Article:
A Turk far away from home

Detail from IOL Tib J 1410

There is a sutra from the Dunhuang cave that is one of the few truly “illuminated” manuscripts from this collection; that is to say, it has small pictures of buddhas complementing the text.* As you can see from the image above, they have either been damaged, or perhaps were never completed. Anyway, these illuminations are not the most interesting thing about this manuscript. It is a copy of a Chinese sutra (the shorter Sukhāvatīvyūha) in Tibetan script. Apparently the scribe who wrote the manuscript knew spoken Chinese but not the written characters, so used the Tibetan alphabet instead.

But this was not a Tibetan. In a colophon, the scribe writes that he comes from the country of the Kyrgyz (Tibetan gir kis) though he now lives in Hexi, the province that contains Dunhuang. And another scribble on the back of the page states that though this sutra is written in TIbetan (thu pod), it was written by a Turk (‘brug). I must say I don’t understand the whole of the colophon, which seems to be a mixture of Tibetan, Turkic and Chinese words, but I detect the Turkic name Kahraman (khang re man). I could well be wrong, but let’s call him Kahraman.

Detail from IOL Tib J 1410

So why did Kahraman, born in the Kyrgyz lands, end up in Dunhuang? The Uighur Turkic empire ruled the northern steppes from the mid-8th to mid-9th century, until they were destroyed by their enemies, the Kyrgyz. From then onwards hundreds of Uighur Turks fled south across the mountains. Some settled in the Turfan region, where they established the kingdom of Qocho, and others ended up in Hexi, where they ousted the local Chinese rulers and set up a kingdom based in Ganzhou (modern Zhangye). Here, surrounded by Tibetan and Chinese Buddhists, many of the Turks learned to write in Chinese or Tibetan, and adopted Buddhism. The Uighur Turks are the ancestors of the modern Uighurs of Xinjiang province. Over the following century, the Uighurs gradually converted to Islam. However, the Uighurs of Hexi remained Buddhists, and today are considered a separate ethnic minority in China, known as the Yugur people.

If Kahraman was a Kyrgyz, he would be have been living under the rule of his tribe’s enemies, the Uighurs. I suppose this is possible, but perhaps he was not a Kyrgyz after all, but was just referring to his homeland as the land that is now ruled by the Kyrgyz.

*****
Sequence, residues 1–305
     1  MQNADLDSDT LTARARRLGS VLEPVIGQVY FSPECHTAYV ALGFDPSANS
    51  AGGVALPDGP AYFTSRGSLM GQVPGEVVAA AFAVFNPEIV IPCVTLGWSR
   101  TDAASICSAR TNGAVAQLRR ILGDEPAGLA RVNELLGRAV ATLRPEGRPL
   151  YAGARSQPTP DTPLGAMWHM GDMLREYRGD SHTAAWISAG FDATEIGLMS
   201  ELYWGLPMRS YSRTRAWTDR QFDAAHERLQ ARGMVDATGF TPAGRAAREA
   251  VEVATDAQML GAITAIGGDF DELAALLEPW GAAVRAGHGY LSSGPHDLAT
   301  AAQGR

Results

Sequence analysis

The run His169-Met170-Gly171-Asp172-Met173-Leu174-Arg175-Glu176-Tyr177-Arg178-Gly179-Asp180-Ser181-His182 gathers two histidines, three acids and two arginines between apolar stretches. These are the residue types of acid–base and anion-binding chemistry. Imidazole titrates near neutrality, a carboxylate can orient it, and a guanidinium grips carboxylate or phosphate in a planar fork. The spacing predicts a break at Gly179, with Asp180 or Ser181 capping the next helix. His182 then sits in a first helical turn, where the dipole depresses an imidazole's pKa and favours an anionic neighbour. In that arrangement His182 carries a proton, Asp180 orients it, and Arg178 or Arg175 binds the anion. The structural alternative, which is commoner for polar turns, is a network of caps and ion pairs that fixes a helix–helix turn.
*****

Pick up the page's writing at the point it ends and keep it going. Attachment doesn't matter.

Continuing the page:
*  *  *

Kahraman seems to have had a grasp of some basic Buddhist principles. From the colophon we can see that he was familiar with the idea that copying sutras accrues merit, and that merit leads to good rebirths. His colophon lists a dozen or so Buddhist texts (mostly by their Chinese titles) that he has written, and then recited in a single day as an offering to “the buddha, the gods and nagas of the eight quarters, and the protectors of the four directions.” By the merit of this, he hopes that one day he will be able to return to his own country, and that after he dies, he will be born free of suffering, not in hell, and preferably in the god realms.

This sutra is a reminder that Tibetan was the lingua franca of Central Asia for a long time, and that it allowed people from various backgrounds to communicate with each other. It also allowed them to participate in a shared system of religious values and practices. Centuries later, the Gansu Uighurs had adopted Tibetan Buddhism (along with other aspects of Tibetan culture like sky burial) and were firmly settled in the region. It looks like Kahraman was a first-generation immigrant, adopting the new languages and customs, but still hoping to return home one day.

*  *  *

References:

A study of the manuscript IOL Tib J 1410 was published in 1927 by FW Thomas and GLM Clauson, mainly dealing with the Tibeto-Chinese phonology. Thomas’s reading of the colophon differs slightly from mine: F. W. Thomas and G. L. M. Clauson. 1927. “A Second Chinese Buddhist Text in Tibetan Characters.” J.R.A.S., April 1927, pp. 281-306, and Supplementary note, pp. 858-60.